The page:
ExpliKate: Feels like you’ve read this somewhere before…

By Kate Hakala

You head to a bar one night in an area that’s completely foreign to you, in a state you’ve never visited. As you walk in, you decide to get a martini and order from the barkeep. Then you turn around and notice, standing in the corner, a drag queen in a pink leotard holding a fiddle. Suddenly, you get a shiver done your spine, as this all seems overwhelmingly familiar. Too familiar. Unless this is one of those rare jet-setting drag queen troubadours, there’s no way this could have happened before. But you swear it has. You, my friend, have a major case of déjà vu.

What is déjà vu? Hint: It’s not just your favorite Crosby, Stills, Nash, & Young album. Déjà vu is essentially an experience where there is an unexplainable sense of recognition, but with no real pretext or awareness for this genuine yet indescribable feeling. The term was first coined by French psychic Émile Boirac and literally means “already seen.”  Since it was first talked about in the 1800s, neurobiologists have worked hard to contend with this ephemeral topic; there seems to be over fifty theories floating around about the cause of déjà vu.  It’s not just a phenomenon for Frenchies. What makes déjà vu such a spooky, unsettling occurrence is that it can’t be verified or observed objectively, but it still remains a common and almost universally reported experience.

Don’t fret. There are some things about déjà vu that we do know for certain. About 70% of the population has reported experiencing it at least once, but in many cases multiple times in their life.

Who experiences it the most? An ideal candidate would be a young Ralph Nader supporter sipping a beer after work with pals. This is because it most commonly occurs with people ages 15 to 25, with those that remember their dreams, and randomly enough, with those of liberal values. We get it often during mundane activities, when we’re with friends, when we’re stressed out or tired, and at night. Often it is triggered through physical perceptions, rather than words, and lasts from about 10 to 30 seconds. It’s not just visual, either; there are plenty of reports that blind people experience déjà vu.

There are three types of recognized déjà vu experiences, categorized by psychologist Arthur Funkhouser. These three can take place in isolated experiences or altogether, like a déjà vu combo pack. Déjà vecu — meaning “already experienced” — is the one you’ve probably had the most. It usually consists of the feeling of having already been in a situation. The feeling is derived through the senses and our perception of our body’s positioning and often involves normal day activities.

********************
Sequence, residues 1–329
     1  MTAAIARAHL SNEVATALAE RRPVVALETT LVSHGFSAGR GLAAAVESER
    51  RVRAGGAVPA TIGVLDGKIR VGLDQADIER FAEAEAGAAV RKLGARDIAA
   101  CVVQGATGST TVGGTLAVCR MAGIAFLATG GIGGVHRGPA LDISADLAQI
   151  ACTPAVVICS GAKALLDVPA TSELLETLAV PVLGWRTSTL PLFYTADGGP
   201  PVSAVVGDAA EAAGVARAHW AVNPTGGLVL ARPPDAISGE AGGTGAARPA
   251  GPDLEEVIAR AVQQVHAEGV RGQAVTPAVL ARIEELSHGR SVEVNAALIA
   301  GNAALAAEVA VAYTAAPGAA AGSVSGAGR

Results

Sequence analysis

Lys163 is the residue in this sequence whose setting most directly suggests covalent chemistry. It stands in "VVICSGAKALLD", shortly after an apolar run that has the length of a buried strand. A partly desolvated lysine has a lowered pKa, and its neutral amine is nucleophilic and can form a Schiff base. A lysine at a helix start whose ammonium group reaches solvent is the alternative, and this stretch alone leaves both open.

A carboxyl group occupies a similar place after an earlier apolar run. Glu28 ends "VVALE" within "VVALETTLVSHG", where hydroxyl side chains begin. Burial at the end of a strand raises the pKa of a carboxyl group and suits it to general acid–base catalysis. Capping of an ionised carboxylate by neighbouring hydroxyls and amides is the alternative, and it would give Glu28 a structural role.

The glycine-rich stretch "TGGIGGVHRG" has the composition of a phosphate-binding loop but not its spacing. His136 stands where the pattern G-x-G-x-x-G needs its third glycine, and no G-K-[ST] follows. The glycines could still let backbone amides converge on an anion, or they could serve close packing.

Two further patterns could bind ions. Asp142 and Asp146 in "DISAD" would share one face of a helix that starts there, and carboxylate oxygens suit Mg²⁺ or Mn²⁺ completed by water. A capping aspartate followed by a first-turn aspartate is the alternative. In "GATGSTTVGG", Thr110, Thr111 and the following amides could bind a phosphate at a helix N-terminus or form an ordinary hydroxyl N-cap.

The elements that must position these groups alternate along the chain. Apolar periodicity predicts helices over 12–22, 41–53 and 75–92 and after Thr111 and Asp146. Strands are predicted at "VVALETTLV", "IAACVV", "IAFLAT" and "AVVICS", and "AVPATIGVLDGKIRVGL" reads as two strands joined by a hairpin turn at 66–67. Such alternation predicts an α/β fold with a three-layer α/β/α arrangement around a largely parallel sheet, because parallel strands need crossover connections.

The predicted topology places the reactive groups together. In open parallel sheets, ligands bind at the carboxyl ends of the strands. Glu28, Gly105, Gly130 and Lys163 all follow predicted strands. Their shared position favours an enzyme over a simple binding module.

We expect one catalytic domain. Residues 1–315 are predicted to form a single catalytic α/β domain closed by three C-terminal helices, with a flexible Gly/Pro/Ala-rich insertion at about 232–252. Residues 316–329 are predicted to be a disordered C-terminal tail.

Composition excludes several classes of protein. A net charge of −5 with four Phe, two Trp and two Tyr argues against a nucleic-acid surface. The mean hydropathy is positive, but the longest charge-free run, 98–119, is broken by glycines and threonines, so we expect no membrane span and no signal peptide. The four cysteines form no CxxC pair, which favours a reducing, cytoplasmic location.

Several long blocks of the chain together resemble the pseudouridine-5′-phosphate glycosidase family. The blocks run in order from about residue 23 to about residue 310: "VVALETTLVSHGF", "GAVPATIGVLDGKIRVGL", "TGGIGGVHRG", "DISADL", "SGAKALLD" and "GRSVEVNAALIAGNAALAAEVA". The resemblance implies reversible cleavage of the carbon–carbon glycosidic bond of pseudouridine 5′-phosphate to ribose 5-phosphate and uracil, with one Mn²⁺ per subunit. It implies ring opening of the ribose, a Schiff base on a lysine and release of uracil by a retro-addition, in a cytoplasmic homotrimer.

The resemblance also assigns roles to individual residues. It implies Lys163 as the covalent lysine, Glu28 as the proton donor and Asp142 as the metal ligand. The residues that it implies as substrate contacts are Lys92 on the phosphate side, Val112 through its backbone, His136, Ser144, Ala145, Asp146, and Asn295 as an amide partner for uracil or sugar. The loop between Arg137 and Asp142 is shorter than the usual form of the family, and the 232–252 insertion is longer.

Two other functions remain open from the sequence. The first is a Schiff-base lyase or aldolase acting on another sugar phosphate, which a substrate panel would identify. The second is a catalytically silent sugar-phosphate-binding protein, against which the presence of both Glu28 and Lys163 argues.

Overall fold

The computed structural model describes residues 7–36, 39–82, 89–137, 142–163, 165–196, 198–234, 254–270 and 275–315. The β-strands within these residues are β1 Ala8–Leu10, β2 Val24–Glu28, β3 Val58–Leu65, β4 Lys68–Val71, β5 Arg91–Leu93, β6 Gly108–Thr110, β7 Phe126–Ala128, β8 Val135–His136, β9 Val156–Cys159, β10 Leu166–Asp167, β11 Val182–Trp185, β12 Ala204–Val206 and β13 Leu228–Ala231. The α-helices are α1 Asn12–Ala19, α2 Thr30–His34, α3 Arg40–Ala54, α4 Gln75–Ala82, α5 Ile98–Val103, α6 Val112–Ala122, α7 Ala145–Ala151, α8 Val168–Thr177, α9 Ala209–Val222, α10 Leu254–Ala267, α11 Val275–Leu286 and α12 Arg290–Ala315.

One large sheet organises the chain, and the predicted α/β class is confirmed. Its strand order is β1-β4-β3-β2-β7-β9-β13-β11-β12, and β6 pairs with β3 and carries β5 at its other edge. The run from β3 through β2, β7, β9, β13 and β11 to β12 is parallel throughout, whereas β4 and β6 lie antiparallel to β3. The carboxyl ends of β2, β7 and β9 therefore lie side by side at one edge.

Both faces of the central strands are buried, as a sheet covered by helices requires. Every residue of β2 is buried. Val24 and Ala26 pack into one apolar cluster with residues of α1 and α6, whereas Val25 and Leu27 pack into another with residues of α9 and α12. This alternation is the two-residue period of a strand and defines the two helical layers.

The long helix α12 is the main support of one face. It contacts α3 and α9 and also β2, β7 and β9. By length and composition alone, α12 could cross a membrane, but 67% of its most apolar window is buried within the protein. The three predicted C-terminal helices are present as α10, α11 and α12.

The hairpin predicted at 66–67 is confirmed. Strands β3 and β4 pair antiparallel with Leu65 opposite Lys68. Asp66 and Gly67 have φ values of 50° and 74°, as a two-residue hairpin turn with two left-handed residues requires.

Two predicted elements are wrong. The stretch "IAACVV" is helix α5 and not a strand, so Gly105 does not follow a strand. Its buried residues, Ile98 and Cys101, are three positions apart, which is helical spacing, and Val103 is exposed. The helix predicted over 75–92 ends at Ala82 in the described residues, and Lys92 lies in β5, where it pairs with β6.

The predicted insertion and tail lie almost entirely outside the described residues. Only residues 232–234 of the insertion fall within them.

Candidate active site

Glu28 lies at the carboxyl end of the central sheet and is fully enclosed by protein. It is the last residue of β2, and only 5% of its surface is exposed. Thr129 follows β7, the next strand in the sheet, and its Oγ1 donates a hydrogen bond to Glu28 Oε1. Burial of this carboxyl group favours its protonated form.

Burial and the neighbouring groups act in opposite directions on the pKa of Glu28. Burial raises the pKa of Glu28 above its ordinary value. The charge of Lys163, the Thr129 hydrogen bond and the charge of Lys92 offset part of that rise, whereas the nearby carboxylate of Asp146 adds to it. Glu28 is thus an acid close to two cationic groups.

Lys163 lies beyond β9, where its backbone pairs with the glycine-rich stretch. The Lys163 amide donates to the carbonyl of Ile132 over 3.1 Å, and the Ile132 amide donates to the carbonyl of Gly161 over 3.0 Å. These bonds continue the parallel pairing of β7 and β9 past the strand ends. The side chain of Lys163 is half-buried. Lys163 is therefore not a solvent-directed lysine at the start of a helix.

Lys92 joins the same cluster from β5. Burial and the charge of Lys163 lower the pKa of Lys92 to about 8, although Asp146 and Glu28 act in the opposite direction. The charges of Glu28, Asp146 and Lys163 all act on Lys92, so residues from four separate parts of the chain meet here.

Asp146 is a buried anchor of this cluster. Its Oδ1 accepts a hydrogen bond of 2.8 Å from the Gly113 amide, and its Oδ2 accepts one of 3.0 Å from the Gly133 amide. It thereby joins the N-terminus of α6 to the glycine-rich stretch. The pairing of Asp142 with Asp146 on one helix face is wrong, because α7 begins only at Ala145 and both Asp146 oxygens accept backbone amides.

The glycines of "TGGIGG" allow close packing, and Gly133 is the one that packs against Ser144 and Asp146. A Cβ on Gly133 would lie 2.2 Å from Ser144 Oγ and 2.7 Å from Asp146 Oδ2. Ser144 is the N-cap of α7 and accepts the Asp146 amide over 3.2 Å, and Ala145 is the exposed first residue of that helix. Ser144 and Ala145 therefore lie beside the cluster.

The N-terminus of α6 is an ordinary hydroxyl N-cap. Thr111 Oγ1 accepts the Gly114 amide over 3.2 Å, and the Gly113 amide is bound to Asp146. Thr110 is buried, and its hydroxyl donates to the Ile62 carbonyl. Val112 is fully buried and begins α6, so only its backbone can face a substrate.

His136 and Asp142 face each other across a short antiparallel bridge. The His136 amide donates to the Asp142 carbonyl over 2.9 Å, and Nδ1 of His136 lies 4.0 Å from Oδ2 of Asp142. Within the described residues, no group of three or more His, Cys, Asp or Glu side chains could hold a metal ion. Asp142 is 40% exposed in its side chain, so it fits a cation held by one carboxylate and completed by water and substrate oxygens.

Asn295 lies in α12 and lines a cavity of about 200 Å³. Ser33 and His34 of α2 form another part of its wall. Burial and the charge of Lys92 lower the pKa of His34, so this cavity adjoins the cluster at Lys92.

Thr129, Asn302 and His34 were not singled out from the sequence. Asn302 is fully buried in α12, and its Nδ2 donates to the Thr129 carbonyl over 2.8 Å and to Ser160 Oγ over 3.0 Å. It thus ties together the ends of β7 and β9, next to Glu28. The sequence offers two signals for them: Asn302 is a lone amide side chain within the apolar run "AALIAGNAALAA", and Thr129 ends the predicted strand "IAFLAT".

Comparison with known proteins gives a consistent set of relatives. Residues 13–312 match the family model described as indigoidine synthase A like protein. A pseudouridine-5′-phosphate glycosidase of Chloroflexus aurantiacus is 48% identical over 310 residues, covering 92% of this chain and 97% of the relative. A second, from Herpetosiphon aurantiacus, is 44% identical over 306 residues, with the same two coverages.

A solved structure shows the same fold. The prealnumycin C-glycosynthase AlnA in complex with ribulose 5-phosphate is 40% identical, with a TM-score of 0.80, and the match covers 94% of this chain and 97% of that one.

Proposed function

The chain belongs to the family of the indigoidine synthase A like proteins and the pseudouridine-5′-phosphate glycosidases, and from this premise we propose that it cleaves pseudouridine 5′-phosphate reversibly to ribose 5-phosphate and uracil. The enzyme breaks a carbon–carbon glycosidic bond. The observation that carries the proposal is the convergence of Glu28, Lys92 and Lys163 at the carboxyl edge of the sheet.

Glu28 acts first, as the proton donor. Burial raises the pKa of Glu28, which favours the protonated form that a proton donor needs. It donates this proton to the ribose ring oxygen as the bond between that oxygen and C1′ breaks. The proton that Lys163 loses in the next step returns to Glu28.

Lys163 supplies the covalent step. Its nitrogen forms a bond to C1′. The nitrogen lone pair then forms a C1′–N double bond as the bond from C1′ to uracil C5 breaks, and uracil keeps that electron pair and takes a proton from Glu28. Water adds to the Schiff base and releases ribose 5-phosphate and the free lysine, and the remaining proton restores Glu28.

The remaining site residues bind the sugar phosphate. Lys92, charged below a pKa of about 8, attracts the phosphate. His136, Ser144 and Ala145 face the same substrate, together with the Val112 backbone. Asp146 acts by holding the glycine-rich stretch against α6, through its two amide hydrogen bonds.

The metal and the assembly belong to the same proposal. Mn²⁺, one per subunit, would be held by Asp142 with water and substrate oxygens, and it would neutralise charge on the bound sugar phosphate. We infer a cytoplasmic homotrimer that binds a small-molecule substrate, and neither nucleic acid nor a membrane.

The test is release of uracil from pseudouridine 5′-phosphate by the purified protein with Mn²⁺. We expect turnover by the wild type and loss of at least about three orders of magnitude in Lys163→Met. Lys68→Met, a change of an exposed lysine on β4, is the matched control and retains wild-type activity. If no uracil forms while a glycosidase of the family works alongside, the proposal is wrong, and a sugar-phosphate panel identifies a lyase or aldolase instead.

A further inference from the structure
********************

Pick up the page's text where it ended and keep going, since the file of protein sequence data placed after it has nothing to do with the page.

Déjà visité, though more rare, is the feeling of already having visited a new place. Spatial associations rather than situational are key triggers here.

The last type, déjà senti, or already felt, is trickier to explain. Often the experience feels like we are discovering missing information and involves a fulfillment of having recovered a memory, but without the aid of a creepy hypnotist. There is no premonition quality to this déjà vu, and though these episodes are longer than a few seconds, the recovered feelings are fleeting. Déjà senti is associated with seizures experienced by patients with temporal lobe epilepsy. Some epileptics experienced déjà vu auras right before temporal lobe seizures, so déjà vu is now linked with that part of the brain, the area that deals with familiarity. Does that mean every time we get an eerily familiar feeling we are all having mini seizures? Maybe. Maybe not.

Science has been trying to make sense of this amorphous tangle for years. One neurobiological explanation for déjà vu is that we are constantly taking in different tiny bits of sensory data through different neuronal pathways in order to create one whole experience or one whole picture. If by some malfunction, the speed of one of these data cars is altered on their highways, they don’t reach the same processing center at the same time. Thus, the effect, even if they are meeting mere milliseconds apart from one another, can be that the brain interprets the data as two identical and yet separate experiences. We think of memories and perceptual experiences like one whole candy bar, but we should be thinking of them like M&Ms. Memory is actually fractured, and tiny morsels of sensory input complete our delicious understanding of things.